One of the best parts of my job as associate editor of New Jersey Monthly is telling the inspiring stories of our annual Seeds of Hope winners. If you know a volunteer whose story needs to be told, it’s time to let us know.
Every spring, we ask our readers to nominate a New Jersey resident who deserves recognition for his or her volunteer efforts—someone who dedicates a lifetime to planting seeds of hope and kindness in others and the community.
A distinguished panel of judges has the difficult task of narrowing down the field to five Seeds of Hope winners. Those selected are profiled in our September issue and honored at a luncheon that same month.
While I wrote profiles for only three of those honorees in the last two years, I met every single winner. Each interview and each speech inspired me—many moved me to tears. I cried when 96-year-old Nancy Liverakos of Highland Park (a 2010 honoree) shared a family tragedy, but laughed when she explained how she couldn’t shop for supplies for the holiday meals she once prepared for Women Aware Inc. because, “I’m old, you know.”
This year marks the ninth anniversary of the Seeds of Hope awards, and the staff of New Jersey Monthly, along with sponsors PNC Wealth Management and Crystal Plaza, are again asking you to help us recognize the state’s most dedicated volunteers. Nominations, which are accepted through April 20, may be made here.
Tags: Seeds of Hope
Michael became a person with a disability when his feet had to be partially amputated because of his diabetes. He became a long term care resident at Bergen Regional Medical Center. His life suddenly and dramatically changed from that point on.
Most people in Michael’s situation would be overcome by the depression and the new and severe limitations that he encountered, but Michael pulled himself out of it by helping others. His new philosophy was “We are not disabled but differently abled.”
Michael Augustowicz has been involved with our agency, Heightened Independence and Progress (hip) since 2005. As Advocate for the agency I first got to know Michael as a volunteer that frequently appeared to help with various agency tasks from time to time. I was struck by his upbeat and sociable personality and his willingness to take on any task we needed help with. He was hard working and efficient in all that was asked of him.
As time passed and I got to know Michael better, I was so impressed with his concern about others and his generosity , giving his time and effort so freely whenever someone he knew was in need. This in itself would be admirable, but in addition, Michael was the consummate self-advocate and would encourage others to be their own advocates whenever possible. He constantly encourages those he knows to participate in community activities and not to isolate themselves. He would frequently check on them, especially those who did tend to remain alone, and would almost always succeed in getting them to try getting out and about. Michael was responsible for many residents living at Bergen Regional Medical Center getting to our agency’s meetings and recreational activities. Michael would sometimes even pay the transportation fees for them if they did not have any money left out of their $35 monthly allotments because he felt it was so important that these residents participate in community activities outside of their long term care living situation.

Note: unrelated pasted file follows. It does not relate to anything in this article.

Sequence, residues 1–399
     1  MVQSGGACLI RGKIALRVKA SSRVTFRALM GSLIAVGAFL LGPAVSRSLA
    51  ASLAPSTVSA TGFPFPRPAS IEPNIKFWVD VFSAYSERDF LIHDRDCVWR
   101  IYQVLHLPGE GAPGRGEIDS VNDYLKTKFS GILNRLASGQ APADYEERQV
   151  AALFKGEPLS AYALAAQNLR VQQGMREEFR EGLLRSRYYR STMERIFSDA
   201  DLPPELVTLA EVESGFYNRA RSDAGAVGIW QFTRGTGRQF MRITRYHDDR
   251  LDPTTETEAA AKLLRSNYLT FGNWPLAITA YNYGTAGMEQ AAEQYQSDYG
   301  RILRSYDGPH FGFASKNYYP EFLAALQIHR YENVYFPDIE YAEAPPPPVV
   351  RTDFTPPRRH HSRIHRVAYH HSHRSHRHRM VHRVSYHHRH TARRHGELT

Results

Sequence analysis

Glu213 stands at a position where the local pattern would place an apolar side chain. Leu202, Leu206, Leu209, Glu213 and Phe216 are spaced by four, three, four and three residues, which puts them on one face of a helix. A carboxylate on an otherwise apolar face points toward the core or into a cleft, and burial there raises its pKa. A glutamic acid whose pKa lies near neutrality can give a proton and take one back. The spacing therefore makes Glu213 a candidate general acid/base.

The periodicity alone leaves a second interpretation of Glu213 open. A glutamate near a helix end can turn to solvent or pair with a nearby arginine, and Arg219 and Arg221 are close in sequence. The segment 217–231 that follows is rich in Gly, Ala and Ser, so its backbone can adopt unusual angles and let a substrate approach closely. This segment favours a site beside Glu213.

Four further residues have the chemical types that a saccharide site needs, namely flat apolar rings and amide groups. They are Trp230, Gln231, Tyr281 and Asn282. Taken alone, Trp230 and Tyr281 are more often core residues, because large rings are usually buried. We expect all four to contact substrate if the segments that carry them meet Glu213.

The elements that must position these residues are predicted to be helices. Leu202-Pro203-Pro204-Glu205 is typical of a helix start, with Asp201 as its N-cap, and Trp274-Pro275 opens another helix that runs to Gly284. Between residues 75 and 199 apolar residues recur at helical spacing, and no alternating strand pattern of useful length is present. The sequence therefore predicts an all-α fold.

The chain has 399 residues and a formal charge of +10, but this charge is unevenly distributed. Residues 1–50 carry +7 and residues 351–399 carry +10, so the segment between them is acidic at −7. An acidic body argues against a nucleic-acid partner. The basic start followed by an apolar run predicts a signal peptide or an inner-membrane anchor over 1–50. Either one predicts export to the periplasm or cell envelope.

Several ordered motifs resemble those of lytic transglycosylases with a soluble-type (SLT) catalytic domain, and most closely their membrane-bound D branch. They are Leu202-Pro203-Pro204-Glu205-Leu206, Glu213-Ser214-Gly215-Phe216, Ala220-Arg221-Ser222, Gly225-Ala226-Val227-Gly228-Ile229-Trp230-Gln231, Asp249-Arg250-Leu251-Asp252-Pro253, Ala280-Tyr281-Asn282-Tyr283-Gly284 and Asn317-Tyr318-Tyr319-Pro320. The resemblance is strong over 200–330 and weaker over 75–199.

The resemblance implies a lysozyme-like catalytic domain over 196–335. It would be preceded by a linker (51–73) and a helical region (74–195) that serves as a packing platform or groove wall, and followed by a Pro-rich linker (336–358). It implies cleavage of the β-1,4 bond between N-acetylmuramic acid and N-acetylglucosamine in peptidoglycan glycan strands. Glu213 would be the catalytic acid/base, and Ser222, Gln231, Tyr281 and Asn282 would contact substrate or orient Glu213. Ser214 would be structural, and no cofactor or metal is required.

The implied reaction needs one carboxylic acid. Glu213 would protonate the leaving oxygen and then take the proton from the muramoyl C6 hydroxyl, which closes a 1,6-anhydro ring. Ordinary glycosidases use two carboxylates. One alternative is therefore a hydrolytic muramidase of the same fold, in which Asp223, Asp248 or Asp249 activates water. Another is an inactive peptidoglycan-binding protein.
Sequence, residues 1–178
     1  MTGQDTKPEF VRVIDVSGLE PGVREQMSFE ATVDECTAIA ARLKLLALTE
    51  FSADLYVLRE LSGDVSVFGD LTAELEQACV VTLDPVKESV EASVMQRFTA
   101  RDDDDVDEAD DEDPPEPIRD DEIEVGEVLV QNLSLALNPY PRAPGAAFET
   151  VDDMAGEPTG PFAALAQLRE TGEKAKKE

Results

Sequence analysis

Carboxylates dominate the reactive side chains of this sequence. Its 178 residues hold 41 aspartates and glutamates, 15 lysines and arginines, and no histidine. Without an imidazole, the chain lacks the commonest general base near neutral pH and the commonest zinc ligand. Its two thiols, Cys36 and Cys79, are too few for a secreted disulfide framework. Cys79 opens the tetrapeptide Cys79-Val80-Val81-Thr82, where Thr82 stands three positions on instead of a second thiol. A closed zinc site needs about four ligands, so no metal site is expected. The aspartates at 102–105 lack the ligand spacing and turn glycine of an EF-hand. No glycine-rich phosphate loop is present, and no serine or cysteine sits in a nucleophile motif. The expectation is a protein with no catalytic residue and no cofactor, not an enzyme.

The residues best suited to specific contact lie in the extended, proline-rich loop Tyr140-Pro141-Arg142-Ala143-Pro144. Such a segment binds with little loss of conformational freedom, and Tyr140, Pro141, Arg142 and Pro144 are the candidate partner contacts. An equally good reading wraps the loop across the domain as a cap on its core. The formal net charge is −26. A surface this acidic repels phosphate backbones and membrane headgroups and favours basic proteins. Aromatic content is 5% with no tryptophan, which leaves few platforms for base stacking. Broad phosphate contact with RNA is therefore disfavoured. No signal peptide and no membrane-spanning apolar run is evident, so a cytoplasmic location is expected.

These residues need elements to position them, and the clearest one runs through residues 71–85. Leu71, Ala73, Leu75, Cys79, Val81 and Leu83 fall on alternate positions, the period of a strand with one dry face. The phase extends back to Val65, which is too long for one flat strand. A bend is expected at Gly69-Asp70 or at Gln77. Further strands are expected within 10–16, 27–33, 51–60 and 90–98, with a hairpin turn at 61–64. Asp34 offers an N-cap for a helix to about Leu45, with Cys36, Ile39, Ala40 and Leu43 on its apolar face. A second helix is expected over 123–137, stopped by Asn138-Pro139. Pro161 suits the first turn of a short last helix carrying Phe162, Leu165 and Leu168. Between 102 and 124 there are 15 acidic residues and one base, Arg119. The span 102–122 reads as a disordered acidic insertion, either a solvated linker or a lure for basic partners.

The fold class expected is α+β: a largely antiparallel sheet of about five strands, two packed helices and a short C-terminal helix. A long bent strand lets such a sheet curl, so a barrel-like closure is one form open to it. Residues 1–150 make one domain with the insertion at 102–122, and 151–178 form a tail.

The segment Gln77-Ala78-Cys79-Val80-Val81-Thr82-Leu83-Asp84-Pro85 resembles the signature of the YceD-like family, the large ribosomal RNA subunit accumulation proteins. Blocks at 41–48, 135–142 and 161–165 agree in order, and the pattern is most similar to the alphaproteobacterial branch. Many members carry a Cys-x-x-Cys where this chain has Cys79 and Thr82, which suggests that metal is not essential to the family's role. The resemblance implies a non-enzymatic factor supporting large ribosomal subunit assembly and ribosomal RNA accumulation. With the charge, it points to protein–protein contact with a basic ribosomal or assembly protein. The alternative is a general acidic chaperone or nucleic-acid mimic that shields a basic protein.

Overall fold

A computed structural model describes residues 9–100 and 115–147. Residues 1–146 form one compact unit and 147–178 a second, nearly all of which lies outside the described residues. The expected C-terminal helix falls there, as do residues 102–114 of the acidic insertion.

As evidence of his commitment to community participation and self advocacy, Michael organizes periodic voter registration drives at Bergen Regional Medical Center to encourage all long term care residents to exercise their vote. He visits the residents in their rooms, encourages them to attend the event (of which he is the primary coordinator) in their building to be sure they are properly registered so they will be able to actively participate in the most important aspect of our democratic process.
A Career Through Technology (CTT) is a group of young adults with developmental disabilities who meet regularly to discuss self-advocacy. When the regular facilitator was out ill for an extended period, because of his commitment to self-advocacy, Michael was asked to facilitate the meetings in her absence and did an outstanding job.
Michael began attending meetings of the Monday Morning Group’s Bergen Regional Advocacy Network (BRAN). The group was having a bit of difficulty moving forward because of some membership and leadership changes. Michael recently took on a leadership role in BRAN and is working hard to expand the group’s membership and move the group towards projects that will have a positive impact.
Posted by: Paula Walsh, Bergen County | Apr 02, 2012 17:51:24 PM |
Kula for karma
Shelter our sisters
Matthew Larson children’s pediatric brain tumor foundation Marie Claire hospice foundation Valley hospital foundation Holy name medical center foundation Initiated the mayors wellness program in franklin lakes Franklin lakes woman’s club Franklin lakes valley hospital auxiliary Arch diocese of Newark with the superintendant of schools Fort lee chamber of commerce franklin lakes campaign for city council election Children’s aid and family services Arch diocese of Paterson development office American cancer society Bergen county mental health
Center for discovery. Severely autistic children
Working w fort lee health department for wellness awareness
Posted by: Stephanie Heyer, Franklin Lakes | Apr 12, 2013 15:16:58 PM |